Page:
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I was absolutely surprised by the opening scene of The Letter when I first saw this movie some years ago. I imagine that a 1940 audience would have been shocked.  The peace of a beautiful moonlit night shattered by a cold, deliberate killing.   Despite knowing many people were close at hand and that they would have been alerted by the first shot, she boldly follows the injured man out of the house and calmly empties the gun into his body as he lays on the ground. This is no ordinary woman and if this is a crime of passion she looks quite calm and collected. She takes a life and looks to me as if she is only thinking about herself. She is completely in control as she orders the worker to go for the police and report 'an accident.' Arrogance and entitlement. As the clouds covered the moon I felt that she had brought a darkness to this place. 

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  1. the moon and the scanning of the scene is very noir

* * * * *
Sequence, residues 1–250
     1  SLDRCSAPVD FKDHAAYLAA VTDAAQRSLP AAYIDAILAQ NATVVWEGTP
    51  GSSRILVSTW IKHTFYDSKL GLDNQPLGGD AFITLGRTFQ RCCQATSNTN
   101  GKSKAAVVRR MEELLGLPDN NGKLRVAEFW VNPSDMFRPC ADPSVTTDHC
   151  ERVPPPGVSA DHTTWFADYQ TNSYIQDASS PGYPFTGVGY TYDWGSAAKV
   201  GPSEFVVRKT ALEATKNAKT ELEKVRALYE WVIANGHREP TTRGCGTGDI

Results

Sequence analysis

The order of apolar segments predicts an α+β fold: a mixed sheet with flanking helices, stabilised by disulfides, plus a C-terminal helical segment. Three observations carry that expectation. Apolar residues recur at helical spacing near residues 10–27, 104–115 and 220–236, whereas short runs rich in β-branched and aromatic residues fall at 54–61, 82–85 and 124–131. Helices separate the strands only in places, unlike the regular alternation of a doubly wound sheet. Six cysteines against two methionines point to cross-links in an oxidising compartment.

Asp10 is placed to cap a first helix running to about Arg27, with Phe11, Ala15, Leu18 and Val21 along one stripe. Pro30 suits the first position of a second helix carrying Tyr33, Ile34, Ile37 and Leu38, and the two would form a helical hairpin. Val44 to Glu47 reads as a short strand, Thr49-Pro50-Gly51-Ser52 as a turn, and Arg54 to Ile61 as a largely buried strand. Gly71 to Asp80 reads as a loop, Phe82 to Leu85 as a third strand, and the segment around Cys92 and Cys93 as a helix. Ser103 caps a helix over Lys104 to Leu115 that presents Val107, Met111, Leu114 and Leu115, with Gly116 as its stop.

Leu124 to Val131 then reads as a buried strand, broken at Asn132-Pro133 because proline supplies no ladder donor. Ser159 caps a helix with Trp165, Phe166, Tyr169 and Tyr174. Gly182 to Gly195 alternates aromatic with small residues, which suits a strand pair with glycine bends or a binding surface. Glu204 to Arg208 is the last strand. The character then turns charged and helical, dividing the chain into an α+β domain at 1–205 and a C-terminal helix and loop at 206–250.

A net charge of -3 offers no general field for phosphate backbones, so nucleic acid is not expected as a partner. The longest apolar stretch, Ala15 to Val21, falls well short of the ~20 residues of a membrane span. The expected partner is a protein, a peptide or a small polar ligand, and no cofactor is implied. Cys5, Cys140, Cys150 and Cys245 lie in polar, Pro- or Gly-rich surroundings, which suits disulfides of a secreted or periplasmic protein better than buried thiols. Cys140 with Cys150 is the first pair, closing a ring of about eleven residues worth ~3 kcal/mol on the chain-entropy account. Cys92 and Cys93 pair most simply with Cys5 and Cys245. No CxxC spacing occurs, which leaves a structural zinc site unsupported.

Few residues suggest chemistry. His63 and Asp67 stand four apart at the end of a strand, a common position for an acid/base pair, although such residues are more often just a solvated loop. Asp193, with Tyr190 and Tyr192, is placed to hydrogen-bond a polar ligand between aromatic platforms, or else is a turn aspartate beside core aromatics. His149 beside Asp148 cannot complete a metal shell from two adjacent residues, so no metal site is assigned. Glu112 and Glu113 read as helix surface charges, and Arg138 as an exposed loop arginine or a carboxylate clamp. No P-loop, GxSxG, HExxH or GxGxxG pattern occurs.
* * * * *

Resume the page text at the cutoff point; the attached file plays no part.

animals reacting to the shot

 

we see first deligency in her face as she is shooting, but then a look of maybe remorse she is detaching, as soon as she gets confronted about it she is diligent cool calm and collected again and tells the men what they must do

 

everyone else's general reaction to the shot from the animals, to the way the men act in their sleeping quarters to how they aproach the body is very noire

 

the moon offers a very noir-esque change in lighting

 

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Although the opening scene to The Letter is very Noir, I think we're still looking at a sequence that has more influence from, and a stronger tie to German Expressionism than Noir. This is certainly a very strong bridge from one to the other, but for me the rest of the film lacks too many of other required elements to actually classify it as a Noir film.

 

That being said, the combination of the music and the visuals of the moon and the clouds make a terrifically moody setting.